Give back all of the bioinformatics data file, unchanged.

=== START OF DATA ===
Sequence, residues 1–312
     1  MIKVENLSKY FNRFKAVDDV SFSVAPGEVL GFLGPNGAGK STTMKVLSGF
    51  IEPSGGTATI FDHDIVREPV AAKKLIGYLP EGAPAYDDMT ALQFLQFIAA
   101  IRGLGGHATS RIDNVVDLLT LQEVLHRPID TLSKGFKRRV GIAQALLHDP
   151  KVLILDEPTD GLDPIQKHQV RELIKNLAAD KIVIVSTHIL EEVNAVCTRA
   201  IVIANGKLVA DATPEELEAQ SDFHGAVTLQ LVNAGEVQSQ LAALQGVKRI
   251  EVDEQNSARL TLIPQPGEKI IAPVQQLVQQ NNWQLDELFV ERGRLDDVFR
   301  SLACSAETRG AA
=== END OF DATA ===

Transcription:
Sequence, residues 1–312
     1  MIKVENLSKY FNRFKAVDDV SFSVAPGEVL GFLGPNGAGK STTMKVLSGF
    51  IEPSGGTATI FDHDIVREPV AAKKLIGYLP EGAPAYDDMT ALQFLQFIAA
   101  IRGLGGHATS RIDNVVDLLT LQEVLHRPID TLSKGFKRRV GIAQALLHDP
   151  KVLILDEPTD GLDPIQKHQV RELIKNLAAD KIVIVSTHIL EEVNAVCTRA
   201  IVIANGKLVA DATPEELEAQ SDFHGAVTLQ LVNAGEVQSQ LAALQGVKRI
   251  EVDEQNSARL TLIPQPGEKI IAPVQQLVQQ NNWQLDELFV ERGRLDDVFR
   301  SLACSAETRG AA